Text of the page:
Library operating system (LibOS) is a userspace version of Linux kernel to provide an operating system personalization as well as yet-another virtualization primitive. The idea is adding a hardware independent architecture (i.e., arch/lib) into Linux kernel tree and reusing the rest of networking code in order to avoid 'reinventing a wheel'. Unlike conventional Linux kernel/userspace model, system calls are redirected to the library in the same process or the other userspace processes, but the framework tries to be transparent so that all of the existing userspace applications like nginx and iproute2 are able to be used as-is. The LibOS framework provides several interesting use cases such as 1) a fast-path for the new protocol deployment (no need to replace or insert new kernel code), 2) a feature-rich network stack for a high-speed packet I/O mechanism like Intel DPDK, 3) a continuous integration for testing networking code implemented in Linux kernel tree. Right now, most of in-kernel protocols like TCP, SCTP, DCCP, and MPTCP are tested to work on top of the LibOS. Newly implemented protocol may also work on depending on the POSIX API coverage and kernel glue code.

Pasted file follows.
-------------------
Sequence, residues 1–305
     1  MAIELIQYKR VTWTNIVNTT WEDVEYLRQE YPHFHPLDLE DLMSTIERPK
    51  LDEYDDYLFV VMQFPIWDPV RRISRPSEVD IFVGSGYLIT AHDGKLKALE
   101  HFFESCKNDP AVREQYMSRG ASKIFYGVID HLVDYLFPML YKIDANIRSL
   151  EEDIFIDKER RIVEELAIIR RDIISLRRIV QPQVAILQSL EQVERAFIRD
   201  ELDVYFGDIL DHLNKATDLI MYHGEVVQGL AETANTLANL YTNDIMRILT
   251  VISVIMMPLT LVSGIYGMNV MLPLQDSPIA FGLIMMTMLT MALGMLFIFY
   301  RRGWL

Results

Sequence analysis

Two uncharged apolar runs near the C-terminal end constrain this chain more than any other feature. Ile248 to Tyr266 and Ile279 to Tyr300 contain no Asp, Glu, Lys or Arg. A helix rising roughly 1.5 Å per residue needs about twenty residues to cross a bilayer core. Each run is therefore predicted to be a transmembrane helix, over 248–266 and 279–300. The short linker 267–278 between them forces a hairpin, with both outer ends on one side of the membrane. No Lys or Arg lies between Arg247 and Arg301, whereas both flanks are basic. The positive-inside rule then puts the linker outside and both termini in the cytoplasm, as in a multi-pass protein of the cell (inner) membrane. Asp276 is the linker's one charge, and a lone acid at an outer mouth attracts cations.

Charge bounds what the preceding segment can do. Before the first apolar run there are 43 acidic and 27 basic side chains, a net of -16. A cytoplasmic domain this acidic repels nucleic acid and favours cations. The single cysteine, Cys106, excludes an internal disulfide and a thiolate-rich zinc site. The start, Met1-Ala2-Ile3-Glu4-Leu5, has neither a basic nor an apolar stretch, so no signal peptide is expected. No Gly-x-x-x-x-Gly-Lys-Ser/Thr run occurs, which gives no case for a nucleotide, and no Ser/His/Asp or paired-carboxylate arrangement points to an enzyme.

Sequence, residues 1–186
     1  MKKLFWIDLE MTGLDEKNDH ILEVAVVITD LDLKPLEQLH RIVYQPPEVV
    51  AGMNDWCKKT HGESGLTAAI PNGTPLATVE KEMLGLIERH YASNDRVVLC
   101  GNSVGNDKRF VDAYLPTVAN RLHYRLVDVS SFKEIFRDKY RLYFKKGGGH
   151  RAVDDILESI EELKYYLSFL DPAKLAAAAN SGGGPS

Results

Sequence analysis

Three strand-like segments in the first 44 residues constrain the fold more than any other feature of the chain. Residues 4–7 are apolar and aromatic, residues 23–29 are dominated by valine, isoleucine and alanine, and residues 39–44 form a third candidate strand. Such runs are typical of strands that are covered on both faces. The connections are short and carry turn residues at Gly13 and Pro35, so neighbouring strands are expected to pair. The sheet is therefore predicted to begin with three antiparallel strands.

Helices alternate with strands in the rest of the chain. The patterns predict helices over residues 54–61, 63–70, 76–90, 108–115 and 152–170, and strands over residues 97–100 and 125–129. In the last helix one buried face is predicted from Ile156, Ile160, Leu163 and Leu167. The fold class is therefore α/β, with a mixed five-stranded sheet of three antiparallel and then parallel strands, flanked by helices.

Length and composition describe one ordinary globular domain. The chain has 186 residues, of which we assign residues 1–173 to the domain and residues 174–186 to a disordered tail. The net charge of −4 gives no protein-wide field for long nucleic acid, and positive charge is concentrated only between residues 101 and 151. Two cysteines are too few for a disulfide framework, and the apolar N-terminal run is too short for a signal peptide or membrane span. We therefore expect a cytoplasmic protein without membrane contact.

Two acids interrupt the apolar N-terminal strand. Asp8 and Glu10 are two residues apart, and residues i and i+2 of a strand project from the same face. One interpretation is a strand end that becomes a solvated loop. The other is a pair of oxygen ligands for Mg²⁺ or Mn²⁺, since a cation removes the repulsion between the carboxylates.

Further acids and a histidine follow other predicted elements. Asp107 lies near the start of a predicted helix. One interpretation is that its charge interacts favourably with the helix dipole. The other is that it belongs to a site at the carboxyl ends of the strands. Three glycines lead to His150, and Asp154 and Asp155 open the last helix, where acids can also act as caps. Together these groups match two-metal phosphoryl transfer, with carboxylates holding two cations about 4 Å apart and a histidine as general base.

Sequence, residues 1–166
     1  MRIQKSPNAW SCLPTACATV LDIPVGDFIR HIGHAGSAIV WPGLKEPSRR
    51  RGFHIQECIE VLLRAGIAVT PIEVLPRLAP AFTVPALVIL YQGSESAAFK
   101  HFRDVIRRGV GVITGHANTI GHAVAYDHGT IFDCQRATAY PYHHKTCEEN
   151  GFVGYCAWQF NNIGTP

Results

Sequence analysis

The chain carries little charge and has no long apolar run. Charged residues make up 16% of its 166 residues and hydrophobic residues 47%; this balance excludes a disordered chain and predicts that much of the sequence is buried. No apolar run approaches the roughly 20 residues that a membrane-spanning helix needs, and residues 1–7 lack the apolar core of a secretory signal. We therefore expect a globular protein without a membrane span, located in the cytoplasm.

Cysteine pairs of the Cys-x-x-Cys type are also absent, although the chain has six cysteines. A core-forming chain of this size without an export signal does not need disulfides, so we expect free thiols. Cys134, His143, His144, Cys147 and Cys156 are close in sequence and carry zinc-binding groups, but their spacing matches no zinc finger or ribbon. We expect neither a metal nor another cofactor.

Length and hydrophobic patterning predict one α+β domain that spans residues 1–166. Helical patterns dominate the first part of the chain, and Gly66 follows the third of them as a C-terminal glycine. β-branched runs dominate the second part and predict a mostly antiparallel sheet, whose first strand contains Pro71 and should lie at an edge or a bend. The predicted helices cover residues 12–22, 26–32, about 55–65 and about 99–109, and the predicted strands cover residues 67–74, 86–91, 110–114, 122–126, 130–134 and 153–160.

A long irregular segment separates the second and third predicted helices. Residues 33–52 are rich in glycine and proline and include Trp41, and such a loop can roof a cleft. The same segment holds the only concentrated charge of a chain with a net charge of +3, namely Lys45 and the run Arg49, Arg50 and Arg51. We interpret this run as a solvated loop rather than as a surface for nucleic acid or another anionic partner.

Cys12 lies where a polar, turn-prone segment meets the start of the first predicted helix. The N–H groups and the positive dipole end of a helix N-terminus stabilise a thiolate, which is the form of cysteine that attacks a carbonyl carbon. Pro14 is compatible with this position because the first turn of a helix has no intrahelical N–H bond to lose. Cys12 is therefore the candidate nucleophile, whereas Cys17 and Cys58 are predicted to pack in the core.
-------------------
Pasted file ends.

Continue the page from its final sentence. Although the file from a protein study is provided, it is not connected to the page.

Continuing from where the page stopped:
This paper covers the introduction of the LibOS framework and two sub projects, Network stack in userspace (NUSE) and Direct Code Execution (DCE), with the internal design of the indirections, and presents the ongoing work on the multi-process support to share a single userspace network stack (e.g., share a userspace routing table between two processes) via inter-process communication implemented by rumpkernel IPC/RPC framework. Then finalizes with the future work including the performance improvement.